58. 58.

    Article 174(1) WA. The same procedure applies also where a question of EU law arises where the arbitration panel is called upon to review whether a measure taken by a Party in default is in conformity with the WA: Article 179(4) WA.

  59. 59.

    Article 174(2) WA.

  60. 60.

    These articles cover mainly cases pending before the CJEU before the end of the transitional period and new infringement proceedings brought by the Commission against the UK for failure to fulfill its obligations under Part Four of the WA (pertaining to the transitional period) before the end of the transitional period.

  61. 61.

    Article 178(2)(b) WA.

  62. 62.

    Article 749(4) TCA.

  63. 63.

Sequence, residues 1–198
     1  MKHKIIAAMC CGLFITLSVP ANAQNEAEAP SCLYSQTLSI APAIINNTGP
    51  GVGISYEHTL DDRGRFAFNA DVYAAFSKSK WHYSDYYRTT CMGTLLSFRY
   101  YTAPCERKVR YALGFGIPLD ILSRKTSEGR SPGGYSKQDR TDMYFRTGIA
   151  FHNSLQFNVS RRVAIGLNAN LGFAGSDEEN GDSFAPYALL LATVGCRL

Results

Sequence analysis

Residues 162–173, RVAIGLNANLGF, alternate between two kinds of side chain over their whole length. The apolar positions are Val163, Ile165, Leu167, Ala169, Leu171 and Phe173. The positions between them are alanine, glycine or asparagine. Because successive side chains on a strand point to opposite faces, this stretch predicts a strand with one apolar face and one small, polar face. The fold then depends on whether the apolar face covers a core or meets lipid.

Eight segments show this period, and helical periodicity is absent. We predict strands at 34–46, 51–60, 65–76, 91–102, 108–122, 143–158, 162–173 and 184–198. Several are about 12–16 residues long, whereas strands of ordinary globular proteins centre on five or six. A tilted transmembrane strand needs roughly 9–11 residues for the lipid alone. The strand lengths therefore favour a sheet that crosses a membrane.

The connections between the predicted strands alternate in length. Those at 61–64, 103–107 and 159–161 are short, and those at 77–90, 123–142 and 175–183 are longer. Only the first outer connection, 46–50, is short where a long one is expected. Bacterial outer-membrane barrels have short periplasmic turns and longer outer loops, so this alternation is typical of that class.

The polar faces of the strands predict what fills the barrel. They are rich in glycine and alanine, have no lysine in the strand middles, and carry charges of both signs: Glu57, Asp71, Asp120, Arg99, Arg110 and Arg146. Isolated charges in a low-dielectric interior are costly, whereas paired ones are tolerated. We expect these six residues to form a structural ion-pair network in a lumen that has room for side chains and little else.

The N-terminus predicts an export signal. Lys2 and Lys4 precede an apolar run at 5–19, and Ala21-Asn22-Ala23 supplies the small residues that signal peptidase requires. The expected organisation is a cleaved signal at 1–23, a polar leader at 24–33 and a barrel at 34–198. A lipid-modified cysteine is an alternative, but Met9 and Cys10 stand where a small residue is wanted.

Article 5(1) TCA. This applies without prejudice to Article SSC.67 of the Protocol on Social Security Coordination and with the exception, with regard to the Union, of Part Three of the Agreement. Article SSC.67 requires the Parties to ensure that individuals can invoke the provisions of the Protocol before domestic courts, are able to effectively protect their rights, and can seek an adequate and timely remedy. Part Three provides for law enforcement and judicial cooperation in relation to the prevention, investigation, detection and prosecution of criminal offences and the prevention of and fight against money laundering and financing of terrorism. See Article 522. The proviso that the TCA does not confer rights on persons with the exception, with regard to the Union, of Part Three appears to suggest that private parties may derive rights from that Part which they can assert directly against the Union or its Member States, if the conditions of direct effect are fulfillled. In any event, affected persons could rely on the Charter since the TCA does not affect it. See Article 524(2).